Some memories remain close; you can shut your eyes and find yourself back in them. These are first-person memories - I memories. But there are second-person memories, too, distant you memories, and these are trickier: you watch yourself in disbelief [...]. Even recalling it is like watching a movie; you're up on screen doing theses awful things and you can't quite believe it...
I was really excited to see that TLC was doing a tour for Jess Walter's new book Beautiful Ruins. I had heard good things about The Financial Lives of the Poets, and although I hadn't gotten around to reading it yet, I was eager to add this new novel to my summer TBR. And now, after reading this one, I'm sure that I will get around to reading Walter's earlier work as well.
The story in Beautiful Ruins begins in Italy, with a young inn keeper, Pasquale, on a remote island, receiving his very first (well almost-first) American guest, an ailing young movie actress fresh off the set of the infamous Liz Taylor and Dick Burton production of Cleopatra. Cut in the very next chapter, to the present day Los Angeles and a young, sharp development assistant for a famous Hollywood producer. She is on the verge of quitting her job, disenchanted with movie industry she once loved, and desperately hoping for some final spark of inspiration in the form of a sale-able script. And as the chapters progress it is these two stories that intersect, tangling around each other for most of the book until they become one at the end.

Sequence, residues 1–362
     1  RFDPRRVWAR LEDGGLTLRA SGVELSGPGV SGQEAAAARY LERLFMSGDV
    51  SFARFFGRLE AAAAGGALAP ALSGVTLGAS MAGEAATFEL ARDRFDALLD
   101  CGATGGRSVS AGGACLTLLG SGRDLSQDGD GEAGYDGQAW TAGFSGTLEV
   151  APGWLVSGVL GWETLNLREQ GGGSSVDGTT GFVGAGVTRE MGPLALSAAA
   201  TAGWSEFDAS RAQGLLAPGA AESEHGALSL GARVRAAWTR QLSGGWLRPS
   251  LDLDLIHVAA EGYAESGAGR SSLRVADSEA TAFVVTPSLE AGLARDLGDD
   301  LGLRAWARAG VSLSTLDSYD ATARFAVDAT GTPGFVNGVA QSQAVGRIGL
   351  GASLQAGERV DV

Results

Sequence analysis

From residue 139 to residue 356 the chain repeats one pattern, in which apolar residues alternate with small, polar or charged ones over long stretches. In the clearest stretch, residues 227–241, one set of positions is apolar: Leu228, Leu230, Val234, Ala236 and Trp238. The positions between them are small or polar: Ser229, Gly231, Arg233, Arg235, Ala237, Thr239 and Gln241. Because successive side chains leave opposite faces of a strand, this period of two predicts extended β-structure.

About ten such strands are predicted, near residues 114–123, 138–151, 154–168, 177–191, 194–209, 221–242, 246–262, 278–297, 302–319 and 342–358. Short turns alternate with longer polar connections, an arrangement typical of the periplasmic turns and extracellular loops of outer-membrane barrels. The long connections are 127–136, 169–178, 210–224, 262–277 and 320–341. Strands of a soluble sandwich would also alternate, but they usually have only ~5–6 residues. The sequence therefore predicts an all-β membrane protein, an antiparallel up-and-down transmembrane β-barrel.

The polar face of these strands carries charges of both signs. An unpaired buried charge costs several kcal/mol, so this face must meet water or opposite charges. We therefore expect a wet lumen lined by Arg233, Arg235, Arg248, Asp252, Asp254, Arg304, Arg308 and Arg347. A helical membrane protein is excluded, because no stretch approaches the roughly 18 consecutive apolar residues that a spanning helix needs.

And in the middle there are all kinds of wonderful digressions. Two of my favorite chapters in the book are these digressions. The first is a the chapter written by a young Alvis Bender, the inn's actual first American best and a WWII solider and aspiring writer. It tells the tale of the end of the war for one particular soldier. The other is from another aspiring writer, this time for the screen: Shane Wheeler's treatment of his script about the Donner party. Throughout the book, Walter shows a real knack for changing his voice and tone. I read in another review, I think, that he manages to make the voices of his characters distinct, which is something that is sometimes lacking in novels told from multiple points of view. He can also be sometimes funny, and sometimes heartbreaking, and the story was both engaging and satisfying in the end. I would definitely recommend the book.
Title: Beautiful RuinsAuthor: Jess Walter
Publisher: Harper Collins
Genre: Literary Fiction
Where I got it: From the publisher through TLC Book Tours